How to Create a Website that Customers (and Google) will Love

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Written By Natalie S

Whether you’re creating a site from scratch, or need to update an old one, this guide shows you the basics.

A great website for your small business has never been more important.

The quality of your site affects your relationship with your customers, which then impacts your sales.

While this customer relationship is important, so too is your relationship with Google. If Google likes your site, it will serve you up to its users, making you discoverable.

On the flip side, if Google doesn’t like your site, you could languish in the dark corners of the internet…

In today’s blog, we show you how to create a website that Google loves. (Hint: You need to create a website that customers love first.)

Before You Begin

Why You Need a Good Site

We’ve already touched on how having a great website can create positive vibes between you and your customers. Now we’re going to break that down into the actual benefits.

Having a great website helps you with:

  • First impressions ?

Users take 50 milliseconds to form an opinion about a website. That’s 0.05 of a second to make a good first impression!

  • Trust ?

A simple and professional website will go a long way to earning someone’s trust and turning them into a paying customer.

  • Likeability ☺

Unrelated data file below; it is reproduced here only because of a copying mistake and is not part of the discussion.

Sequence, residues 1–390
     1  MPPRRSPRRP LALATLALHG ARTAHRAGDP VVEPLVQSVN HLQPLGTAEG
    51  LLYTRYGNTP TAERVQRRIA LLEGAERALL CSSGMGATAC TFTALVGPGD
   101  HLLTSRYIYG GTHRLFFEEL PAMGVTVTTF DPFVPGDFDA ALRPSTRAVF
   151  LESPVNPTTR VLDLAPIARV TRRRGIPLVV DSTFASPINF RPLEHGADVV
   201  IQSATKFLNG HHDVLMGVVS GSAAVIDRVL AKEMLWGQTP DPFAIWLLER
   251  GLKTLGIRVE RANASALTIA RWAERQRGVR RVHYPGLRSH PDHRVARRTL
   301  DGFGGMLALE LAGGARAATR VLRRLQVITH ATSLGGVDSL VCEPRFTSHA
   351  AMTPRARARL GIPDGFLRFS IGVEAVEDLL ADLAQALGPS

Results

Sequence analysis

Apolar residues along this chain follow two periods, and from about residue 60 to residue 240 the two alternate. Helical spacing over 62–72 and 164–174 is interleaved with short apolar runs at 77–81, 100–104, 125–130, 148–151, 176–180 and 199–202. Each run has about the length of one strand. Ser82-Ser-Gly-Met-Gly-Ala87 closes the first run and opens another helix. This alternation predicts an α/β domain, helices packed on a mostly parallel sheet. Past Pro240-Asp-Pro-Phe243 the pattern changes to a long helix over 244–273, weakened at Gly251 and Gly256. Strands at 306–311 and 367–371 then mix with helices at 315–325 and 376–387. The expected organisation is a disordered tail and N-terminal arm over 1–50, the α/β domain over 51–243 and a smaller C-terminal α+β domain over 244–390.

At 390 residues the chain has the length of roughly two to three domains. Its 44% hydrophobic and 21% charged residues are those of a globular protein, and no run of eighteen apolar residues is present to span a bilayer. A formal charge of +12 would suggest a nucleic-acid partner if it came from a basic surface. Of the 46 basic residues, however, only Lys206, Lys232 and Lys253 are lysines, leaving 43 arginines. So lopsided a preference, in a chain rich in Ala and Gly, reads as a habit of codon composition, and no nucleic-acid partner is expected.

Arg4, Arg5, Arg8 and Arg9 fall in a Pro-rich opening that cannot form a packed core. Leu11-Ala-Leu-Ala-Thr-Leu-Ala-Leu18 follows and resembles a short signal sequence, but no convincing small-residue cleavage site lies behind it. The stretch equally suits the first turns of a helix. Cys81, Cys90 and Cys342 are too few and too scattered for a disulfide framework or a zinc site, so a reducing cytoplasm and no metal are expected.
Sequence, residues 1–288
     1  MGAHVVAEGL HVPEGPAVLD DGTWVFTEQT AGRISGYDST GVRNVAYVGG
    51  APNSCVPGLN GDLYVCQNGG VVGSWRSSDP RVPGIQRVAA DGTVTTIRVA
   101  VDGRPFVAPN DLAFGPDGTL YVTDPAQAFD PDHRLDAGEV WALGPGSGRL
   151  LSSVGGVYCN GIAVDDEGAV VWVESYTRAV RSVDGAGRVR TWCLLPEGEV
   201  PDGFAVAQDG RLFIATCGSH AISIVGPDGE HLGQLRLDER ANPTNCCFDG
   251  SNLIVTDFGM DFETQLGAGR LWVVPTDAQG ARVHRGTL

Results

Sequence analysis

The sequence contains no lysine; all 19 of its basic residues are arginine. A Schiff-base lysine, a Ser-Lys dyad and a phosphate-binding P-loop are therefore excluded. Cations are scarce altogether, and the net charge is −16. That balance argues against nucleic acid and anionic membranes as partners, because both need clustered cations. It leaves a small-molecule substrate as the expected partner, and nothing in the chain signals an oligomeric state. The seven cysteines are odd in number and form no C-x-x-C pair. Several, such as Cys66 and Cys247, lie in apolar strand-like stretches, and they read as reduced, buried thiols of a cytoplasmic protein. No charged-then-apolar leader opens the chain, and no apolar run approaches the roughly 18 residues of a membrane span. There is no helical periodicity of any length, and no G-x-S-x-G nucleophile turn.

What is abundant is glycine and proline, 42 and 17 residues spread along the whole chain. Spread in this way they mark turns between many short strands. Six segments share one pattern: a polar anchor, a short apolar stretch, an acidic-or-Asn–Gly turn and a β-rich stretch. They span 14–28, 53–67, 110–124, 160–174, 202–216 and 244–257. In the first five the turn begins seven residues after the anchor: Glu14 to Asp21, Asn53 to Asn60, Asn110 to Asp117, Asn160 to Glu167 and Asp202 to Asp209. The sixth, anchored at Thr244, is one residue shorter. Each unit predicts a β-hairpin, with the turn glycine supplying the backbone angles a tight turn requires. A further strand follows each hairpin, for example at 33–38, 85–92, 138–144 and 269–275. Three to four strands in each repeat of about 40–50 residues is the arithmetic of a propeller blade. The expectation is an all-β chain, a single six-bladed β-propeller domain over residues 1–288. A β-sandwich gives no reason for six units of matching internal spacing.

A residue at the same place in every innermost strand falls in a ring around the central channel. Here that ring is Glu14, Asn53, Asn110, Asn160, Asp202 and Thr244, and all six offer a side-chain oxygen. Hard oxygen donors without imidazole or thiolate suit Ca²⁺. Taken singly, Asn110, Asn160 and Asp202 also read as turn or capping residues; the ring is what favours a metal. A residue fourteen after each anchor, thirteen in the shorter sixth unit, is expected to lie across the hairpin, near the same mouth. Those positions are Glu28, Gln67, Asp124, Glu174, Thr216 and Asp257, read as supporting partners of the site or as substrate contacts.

We’ve all been to those sites that are slow to load, difficult to navigate, and generally look dodgy—making us less than enthusiastic about giving them our business.

  • Branding

Use your website to showcase your unique and authentic business—who you are and what you stand for—so that customers remember and recognise you.

  • Sales ?

Once you’re known, liked and trusted, you’re one step closer to converting leads into sales.

  • Discovery ?

Whether users search you on Google or type your address straight into their browser, a great website helps people find you.

  • Marketing ?

Marketing opportunities abound on a website, from creating content such as blogs and videos to capturing leads through quizzes and freebies.

Know the fundamentals

Before you begin creating your site or even updating it, take a step back to get a handle on the essentials.

Like building a home on solid foundations, knowing these key elements will help you build or update your website the right way from the get-go.

Step 1: What do you want to say?

First, it’s important to know what you want to say online.

What you want to say can be grouped in a way that reflects your main menu: